Moreover, I believe we can also further strengthen Bill S-10 by including a clear prohibition on the transfer of cluster munitions on Canadian carriers and through or within Canadian territory. As it stands, clause 11(2) of the bill would allow American forces to move cluster munitions through Canadian territory by land, sea or air. It also allows Canadian-owned vehicles to be used to transport cluster munitions.
Once again, this undermines the purpose and spirit of the treaty. Other countries, such as Austria and Germany, have recognized this and have enacted ratification legislation that specifically prohibits these transportation scenarios. Canada, too, must make it absolutely clear that we will not provide any assistance in the use of cluster munitions and, as such, will not be involved in their transportation. These two changes would be in keeping with the spirit of the convention and would certainly have a positive impact on reducing the global proliferation of cluster munitions.
Honourable senators, let us not forget that this is the purpose of the convention and this legislation we are debating now, to ban the use of cluster munitions and forever eliminate the harm they cause. I am disappointed that Bill S-10 does not reflect this to the extent that it could and that it should. Bill S-10 should be an ironclad commitment from Canada to uphold the convention on cluster munitions in its entirety and according to its highest standards and principles, but as it stands now, this is not the case. Bill S-10 contains so many exceptions to the convention's prohibitions that it really begs the question as to why we are bothering with ratification legislation at all.
If we are determined to never use cluster munitions and to work toward their eventual elimination, then we certainly should not be allowing our Canadian Forces to use them while on a combined mission.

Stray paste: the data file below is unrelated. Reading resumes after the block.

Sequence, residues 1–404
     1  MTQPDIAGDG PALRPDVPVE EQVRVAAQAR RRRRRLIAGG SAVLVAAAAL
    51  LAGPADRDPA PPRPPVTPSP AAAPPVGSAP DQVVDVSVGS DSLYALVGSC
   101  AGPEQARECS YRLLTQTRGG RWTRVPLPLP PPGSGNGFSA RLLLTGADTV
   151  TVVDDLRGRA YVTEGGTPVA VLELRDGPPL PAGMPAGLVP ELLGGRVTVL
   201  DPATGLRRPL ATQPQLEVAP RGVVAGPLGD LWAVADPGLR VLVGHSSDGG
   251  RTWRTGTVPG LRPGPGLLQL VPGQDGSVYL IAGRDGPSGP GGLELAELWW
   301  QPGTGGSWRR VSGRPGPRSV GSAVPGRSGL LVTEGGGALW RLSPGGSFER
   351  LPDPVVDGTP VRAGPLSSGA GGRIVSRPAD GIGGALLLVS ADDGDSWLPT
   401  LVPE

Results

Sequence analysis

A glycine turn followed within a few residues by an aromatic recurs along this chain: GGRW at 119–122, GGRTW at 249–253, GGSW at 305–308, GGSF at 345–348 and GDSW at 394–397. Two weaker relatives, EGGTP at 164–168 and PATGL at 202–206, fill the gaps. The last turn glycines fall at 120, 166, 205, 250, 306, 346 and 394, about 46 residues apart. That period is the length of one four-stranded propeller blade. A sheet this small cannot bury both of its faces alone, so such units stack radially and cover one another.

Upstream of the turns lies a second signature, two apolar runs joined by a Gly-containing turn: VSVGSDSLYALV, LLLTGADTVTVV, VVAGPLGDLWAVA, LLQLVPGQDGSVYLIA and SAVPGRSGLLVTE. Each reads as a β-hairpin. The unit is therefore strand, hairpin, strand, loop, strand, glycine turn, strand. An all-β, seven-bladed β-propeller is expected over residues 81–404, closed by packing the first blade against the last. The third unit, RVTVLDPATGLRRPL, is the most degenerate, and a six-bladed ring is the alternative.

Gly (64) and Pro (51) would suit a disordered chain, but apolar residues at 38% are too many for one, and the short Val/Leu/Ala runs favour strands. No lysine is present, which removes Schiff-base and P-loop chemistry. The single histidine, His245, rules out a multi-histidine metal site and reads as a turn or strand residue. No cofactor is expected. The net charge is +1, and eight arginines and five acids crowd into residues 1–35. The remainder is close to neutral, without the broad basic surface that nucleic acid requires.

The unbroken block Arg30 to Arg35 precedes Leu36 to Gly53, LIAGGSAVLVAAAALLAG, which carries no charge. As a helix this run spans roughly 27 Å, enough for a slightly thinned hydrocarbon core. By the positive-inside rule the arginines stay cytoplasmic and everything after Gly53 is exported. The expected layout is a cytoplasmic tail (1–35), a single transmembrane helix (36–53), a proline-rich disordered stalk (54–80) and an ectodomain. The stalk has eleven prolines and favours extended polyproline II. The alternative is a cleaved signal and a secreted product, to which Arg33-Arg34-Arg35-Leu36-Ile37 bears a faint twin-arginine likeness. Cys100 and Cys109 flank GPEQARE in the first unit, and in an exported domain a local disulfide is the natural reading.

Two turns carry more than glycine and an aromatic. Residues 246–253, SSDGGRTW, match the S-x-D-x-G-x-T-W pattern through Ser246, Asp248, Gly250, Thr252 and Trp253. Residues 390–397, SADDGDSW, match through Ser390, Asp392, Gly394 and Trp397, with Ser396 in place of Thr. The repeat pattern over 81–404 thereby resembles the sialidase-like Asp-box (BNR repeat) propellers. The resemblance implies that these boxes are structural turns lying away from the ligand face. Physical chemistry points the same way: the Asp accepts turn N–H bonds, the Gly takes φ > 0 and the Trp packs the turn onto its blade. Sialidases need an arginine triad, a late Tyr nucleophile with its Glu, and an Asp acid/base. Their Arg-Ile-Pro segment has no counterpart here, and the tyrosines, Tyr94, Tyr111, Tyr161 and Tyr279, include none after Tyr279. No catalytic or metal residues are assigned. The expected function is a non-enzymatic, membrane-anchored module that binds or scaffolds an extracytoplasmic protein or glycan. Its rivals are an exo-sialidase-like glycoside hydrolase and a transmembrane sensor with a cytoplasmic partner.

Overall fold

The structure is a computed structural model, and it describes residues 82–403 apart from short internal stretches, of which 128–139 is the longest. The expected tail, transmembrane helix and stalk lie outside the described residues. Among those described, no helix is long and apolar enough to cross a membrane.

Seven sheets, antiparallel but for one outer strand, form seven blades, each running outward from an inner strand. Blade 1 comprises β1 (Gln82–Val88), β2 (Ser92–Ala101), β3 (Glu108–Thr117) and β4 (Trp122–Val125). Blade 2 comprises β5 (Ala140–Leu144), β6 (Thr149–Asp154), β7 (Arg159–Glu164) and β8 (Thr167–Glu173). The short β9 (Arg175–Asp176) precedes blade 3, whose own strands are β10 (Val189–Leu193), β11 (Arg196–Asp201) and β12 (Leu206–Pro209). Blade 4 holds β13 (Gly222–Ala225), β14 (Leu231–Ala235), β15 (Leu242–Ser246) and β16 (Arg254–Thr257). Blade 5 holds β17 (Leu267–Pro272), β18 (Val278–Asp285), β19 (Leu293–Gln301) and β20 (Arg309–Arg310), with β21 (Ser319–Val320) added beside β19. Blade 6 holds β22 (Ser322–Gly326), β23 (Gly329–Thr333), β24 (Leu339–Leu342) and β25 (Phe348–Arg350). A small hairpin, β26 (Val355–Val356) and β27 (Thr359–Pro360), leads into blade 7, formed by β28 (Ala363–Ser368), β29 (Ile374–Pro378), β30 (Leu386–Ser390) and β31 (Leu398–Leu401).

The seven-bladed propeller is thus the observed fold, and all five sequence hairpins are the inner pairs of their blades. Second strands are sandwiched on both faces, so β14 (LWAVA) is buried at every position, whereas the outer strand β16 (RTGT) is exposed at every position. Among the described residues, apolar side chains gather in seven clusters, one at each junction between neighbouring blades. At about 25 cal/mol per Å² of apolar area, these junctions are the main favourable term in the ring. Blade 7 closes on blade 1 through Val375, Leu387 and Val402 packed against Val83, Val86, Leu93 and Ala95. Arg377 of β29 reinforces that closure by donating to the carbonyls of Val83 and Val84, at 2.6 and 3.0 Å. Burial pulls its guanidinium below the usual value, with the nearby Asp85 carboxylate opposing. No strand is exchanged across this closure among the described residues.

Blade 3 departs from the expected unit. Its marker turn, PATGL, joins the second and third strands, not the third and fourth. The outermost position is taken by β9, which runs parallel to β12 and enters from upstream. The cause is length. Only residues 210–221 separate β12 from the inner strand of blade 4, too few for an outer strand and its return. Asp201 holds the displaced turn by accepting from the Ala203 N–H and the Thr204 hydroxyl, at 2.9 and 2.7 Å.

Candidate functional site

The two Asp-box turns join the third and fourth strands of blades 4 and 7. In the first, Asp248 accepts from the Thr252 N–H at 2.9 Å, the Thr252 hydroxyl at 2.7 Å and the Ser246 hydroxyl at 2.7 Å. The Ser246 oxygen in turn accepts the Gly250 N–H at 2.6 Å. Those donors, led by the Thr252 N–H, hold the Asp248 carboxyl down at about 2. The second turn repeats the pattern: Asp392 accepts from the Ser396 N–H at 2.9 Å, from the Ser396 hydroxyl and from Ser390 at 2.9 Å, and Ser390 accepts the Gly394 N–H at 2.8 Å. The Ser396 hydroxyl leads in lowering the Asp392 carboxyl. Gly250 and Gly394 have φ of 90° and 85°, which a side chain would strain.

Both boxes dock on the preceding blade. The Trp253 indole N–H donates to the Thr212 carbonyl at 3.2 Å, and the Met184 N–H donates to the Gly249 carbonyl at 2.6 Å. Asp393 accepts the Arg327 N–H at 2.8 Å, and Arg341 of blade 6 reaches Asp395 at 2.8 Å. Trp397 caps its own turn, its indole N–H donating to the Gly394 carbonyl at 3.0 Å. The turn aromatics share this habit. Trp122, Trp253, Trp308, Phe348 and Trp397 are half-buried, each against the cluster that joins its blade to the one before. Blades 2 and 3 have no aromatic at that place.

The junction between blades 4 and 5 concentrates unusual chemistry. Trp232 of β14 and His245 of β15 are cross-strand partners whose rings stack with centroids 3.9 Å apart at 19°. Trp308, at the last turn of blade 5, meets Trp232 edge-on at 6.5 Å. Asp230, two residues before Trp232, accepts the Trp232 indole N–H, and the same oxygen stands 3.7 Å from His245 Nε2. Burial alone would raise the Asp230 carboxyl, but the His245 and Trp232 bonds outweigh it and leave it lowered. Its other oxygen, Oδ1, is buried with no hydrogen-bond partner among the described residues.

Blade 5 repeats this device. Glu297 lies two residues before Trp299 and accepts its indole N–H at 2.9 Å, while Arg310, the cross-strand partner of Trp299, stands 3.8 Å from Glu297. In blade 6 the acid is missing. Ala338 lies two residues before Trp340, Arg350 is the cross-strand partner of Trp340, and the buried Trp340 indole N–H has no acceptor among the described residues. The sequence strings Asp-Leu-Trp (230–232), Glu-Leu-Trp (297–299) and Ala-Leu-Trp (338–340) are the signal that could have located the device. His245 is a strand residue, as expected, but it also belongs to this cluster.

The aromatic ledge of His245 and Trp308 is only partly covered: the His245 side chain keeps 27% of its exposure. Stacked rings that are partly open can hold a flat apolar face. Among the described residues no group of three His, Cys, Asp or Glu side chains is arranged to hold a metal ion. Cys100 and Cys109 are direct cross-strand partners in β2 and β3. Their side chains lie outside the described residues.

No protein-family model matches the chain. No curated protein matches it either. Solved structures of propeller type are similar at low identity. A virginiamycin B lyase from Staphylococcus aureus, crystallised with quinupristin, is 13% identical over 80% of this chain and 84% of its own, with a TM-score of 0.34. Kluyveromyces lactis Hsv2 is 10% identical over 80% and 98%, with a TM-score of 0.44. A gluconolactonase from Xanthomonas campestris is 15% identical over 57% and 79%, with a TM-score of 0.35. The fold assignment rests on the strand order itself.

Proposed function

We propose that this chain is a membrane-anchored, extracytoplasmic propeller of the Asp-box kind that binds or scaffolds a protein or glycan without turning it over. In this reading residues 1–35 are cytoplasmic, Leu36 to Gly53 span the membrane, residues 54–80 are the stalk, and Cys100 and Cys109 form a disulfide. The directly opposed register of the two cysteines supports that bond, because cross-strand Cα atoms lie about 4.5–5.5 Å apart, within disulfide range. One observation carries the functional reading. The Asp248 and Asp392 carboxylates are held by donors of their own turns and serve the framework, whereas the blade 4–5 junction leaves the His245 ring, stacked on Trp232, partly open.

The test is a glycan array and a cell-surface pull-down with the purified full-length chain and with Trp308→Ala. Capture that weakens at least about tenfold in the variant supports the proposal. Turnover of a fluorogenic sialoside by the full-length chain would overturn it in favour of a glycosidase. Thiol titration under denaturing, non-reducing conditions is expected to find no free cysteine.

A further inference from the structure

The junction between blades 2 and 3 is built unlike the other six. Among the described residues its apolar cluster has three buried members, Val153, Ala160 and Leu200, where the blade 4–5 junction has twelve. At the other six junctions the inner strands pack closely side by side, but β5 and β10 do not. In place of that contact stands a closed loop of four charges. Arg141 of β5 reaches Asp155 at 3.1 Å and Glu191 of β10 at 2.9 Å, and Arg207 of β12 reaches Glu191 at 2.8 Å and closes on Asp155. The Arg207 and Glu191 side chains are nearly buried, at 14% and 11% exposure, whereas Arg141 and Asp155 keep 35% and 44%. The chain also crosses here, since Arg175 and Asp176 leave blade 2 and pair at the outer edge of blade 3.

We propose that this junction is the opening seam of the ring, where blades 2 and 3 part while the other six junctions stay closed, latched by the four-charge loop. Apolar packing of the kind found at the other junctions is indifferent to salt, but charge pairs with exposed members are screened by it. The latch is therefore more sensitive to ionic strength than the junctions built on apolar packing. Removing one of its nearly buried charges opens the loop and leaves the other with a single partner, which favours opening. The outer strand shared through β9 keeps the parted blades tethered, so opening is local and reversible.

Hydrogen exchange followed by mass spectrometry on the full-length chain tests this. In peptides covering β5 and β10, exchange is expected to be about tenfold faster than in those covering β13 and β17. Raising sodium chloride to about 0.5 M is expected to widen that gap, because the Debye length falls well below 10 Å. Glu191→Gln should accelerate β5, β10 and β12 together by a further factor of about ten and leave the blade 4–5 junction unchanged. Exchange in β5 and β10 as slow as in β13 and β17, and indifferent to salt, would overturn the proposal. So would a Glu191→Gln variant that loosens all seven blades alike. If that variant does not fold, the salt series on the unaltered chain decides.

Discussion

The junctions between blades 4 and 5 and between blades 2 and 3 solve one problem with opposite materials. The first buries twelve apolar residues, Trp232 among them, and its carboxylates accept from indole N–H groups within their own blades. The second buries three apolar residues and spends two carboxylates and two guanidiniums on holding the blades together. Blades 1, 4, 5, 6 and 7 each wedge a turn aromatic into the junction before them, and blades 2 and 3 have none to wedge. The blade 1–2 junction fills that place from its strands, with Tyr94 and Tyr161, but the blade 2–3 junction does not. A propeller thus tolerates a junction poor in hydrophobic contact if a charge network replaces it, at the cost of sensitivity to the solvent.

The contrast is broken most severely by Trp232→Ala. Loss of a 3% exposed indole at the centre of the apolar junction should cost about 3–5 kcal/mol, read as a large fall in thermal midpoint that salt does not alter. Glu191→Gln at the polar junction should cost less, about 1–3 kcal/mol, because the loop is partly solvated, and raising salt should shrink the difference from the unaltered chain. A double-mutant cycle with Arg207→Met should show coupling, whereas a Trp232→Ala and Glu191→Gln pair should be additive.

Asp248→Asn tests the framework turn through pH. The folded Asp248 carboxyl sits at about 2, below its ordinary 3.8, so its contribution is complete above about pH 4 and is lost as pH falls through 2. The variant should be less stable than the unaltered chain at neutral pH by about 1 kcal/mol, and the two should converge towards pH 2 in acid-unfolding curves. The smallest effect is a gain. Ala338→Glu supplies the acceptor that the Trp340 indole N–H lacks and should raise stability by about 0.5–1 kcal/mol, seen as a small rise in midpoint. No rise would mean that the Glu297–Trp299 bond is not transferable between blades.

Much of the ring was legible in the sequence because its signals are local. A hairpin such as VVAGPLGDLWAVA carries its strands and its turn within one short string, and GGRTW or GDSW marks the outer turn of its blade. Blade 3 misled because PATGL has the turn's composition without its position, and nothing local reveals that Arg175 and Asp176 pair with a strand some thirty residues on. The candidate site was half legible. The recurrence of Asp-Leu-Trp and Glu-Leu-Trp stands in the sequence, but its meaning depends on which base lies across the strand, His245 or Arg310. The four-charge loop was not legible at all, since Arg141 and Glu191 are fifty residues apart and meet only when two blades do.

Article 21 is not a loophole. We should not be interpreting it to mean that, while participating in a combined mission, Canada can abandon its commitments to the convention and actively aid and abet the use of cluster munitions. If we did so, we would be contributing to the proliferation of cluster munitions, which is the exact opposite of what we have been trying to do for the past four years with this international treaty.
With so many countries currently debating differing interpretations of Article 21 and its implications for their ratification legislation, it is imperative that Canada set a high standard and create a strong international precedent. The world's eyes are upon us. In order for this convention to be as successful as the land mine treaty, which is something we can be proud of, we again have to take on a leadership role and prove to the world that it is possible to both uphold the principles of the convention and continue to participate in combined military operations.
As such, this bill requires further debate and deep deliberation. The Standing Senate Committee on Foreign Affairs and International Trade should take its time with this legislation and hear from a variety of expert witnesses. Clause 11, especially, should be carefully scrutinized and amended. Moreover, specific prohibitions against investment in cluster munitions manufacturing and the transportation of cluster munitions through Canadian territory and on Canadian carriers must be considered.
Cluster munitions are recognized by a majority of countries around the world as an inhumane and obsolete weapon, an outdated relic of the Cold War. They should be safely gathering dust in a museum somewhere, alongside landmines and mustard gas, and not littering farmers' fields, primed to kill or maim unsuspecting children.
With the Convention on Cluster Munitions, we have an incredible opportunity to forever eliminate these weapons and the terrible harm and suffering they cause. That is why this convention is so important and why we must make Bill S-10 the strongest legislation it can be.
Children like Vanna Minn should never again have their dreams violently torn from them by a landmine or a cluster bomb.
Hon. Roméo Antonius Dallaire: Honourable senators, this bill is so rife with ethical, moral and legal dilemmas for Canadian field commanders that it must be reviewed.
(On motion of Senator Dallaire, debate adjourned.)
On Inquiry No. 3, by the Hon. Claude Carignan (Deputy Leader of the Government):
That he will call the attention of the Senate to the budget entitled, Economic Action Plan 2012: Jobs, Growth, and Long-Term Prosperity, tabled in the House of Commons on March 29, 2012, by the Minister of Finance, the Honourable James M. Flaherty, P.C., M.P., and in the Senate on April 2, 2012.